How could the Constitution have overlooked such basic human rights?
Because the Constitution isn't about what people can do; it's about what government can do.
The Constitution was created to spell out the limited rights or powers given to the federal government. And it was clearly understood that the government had no powers that weren't authorized in the Constitution.
Using the Nine and Tenth Amendments in the Bill of RightsBrowne makes a pretty good case against Santorum's nonsense about no provision on privacy. It's worth a look. Thus, although the highest court in the nation has established legal policy, Santorum continues to argue the matter. Why shouldn’t any minority see that as a personal assault? 
Later when his remarks created more controversy, he back-peddled, saying, 
"I am a firm believer that all are equal under the Constitution. My comments should not be construed in any way as a statement on individual lifestyles."
You liberals are too being too sensitive, that's all. Well, that's what he'd like us to believe.  However, as we have seen, he is not a believer in equality in any way, shape or form, no matter how he would like to spin it. 

One Easy Answer to Difficult Questions
There is another example of intellectual dishonesty that Santorum’s wife tries to promote in the clip. Contrary to what she would like to claim, objections to Santorum’s views are not at all limited to gay activists groups and not even limited to civil rights organizations. Of course there are plenty of those but there also been a bi-partisan “thumbs-down” for Santorum’s viewpoint. 

Former Governor of Vermont Howard Dean, objected to Santorum’s remarks saying "gay-bashing is not a legitimate public policy discussion; it is immoral" and called upon him to resign from his post as Republican Conference chairman. Similarly, Senate Minority Leader Tom Daschle commented that remarks from Santorum were "out of step with our country's respect for tolerance" And criticism to these remarks are not limited according to party lines. Republicans Olympia Snowe, Susan Collins Senators from Maine, Lincoln Chafee, Republicans governor and senator of Rhode Island and Oregon Senator, Gordon H. Smith have all voiced concern about his statements. Even John McCain of Arizona remarked, in his usual lily-livered style, that he thought Santorum,” may have been inartful in the way that he described it."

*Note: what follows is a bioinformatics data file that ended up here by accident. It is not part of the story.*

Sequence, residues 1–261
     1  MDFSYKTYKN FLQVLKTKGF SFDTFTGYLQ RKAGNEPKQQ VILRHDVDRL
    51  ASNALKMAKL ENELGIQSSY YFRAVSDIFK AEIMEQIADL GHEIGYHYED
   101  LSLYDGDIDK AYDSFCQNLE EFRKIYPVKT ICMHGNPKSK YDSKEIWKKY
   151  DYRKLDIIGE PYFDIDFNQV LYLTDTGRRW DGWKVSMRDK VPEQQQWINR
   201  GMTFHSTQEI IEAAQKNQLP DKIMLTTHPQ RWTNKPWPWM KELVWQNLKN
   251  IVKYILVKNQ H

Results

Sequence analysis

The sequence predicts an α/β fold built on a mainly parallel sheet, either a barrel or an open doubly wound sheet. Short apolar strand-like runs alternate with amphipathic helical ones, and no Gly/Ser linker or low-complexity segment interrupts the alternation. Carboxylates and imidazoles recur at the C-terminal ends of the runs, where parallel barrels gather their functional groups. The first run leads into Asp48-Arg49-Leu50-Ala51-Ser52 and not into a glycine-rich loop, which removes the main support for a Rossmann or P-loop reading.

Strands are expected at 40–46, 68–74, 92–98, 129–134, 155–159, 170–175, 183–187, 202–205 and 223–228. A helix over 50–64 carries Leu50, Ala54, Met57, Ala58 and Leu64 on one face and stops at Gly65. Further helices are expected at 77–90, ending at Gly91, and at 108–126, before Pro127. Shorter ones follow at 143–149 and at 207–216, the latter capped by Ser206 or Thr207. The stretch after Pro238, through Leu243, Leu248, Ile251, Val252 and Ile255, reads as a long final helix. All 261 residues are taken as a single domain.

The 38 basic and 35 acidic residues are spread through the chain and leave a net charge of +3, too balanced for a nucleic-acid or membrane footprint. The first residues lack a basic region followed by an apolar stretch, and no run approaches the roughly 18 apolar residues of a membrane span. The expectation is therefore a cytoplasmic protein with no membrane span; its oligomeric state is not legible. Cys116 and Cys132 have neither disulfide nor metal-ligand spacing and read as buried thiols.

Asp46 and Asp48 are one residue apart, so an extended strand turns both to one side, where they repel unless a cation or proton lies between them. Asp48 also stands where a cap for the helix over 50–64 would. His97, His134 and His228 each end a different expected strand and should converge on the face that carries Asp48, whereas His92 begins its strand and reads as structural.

He does find some support with conservative Christian groups. Surprised? The group Concerned Women for America, stated that Santorum was "exactly right." Criticism, they claimed, was merely an attack by the "gay thought police". 

That inate bullying instinct suddenly re-surfaces in his supporters. Vice President for Communications at the conservative Family Research Council Genevieve Wood declared, "I think the Republican party would do well to follow Senator Santorum if they want to see pro-family voters show up on Election Day." This time they don't want to bully the gay minority. They are trying to bully the entire Republican party.
In the video clip we hear Rick Santorum speak with a righteous air. It must  be extremely impressive to the gullible. But the very things he says with such solemn authority are the very statements one has to consider even more carefully.
Santorum's views on same-sex marriage 
do not reflect the national view.
“Marriage has existed before governments existed. Marriage has existed since the beginning of time. It’s how we were meant to be.”  

The argument that long-established traditions must be maintained was once made for slavery- which had also existed prior to governments and the beginning of time- and yet, wisdom and tolerance and a common sense of humanity demanded their abolition and have moved our leaders to take an enlightened examination of this institution. This excuse had kept women from voting, and it kept schools segregated. In fact, all of the great reforms to society by the civil rights movements have all been opposed using exactly the same argument. What Santorum represents isn't merely an attack on gay minorities- and that's bad enough- but on the civil rights reforms for all minorities that took place in the 1960s and before.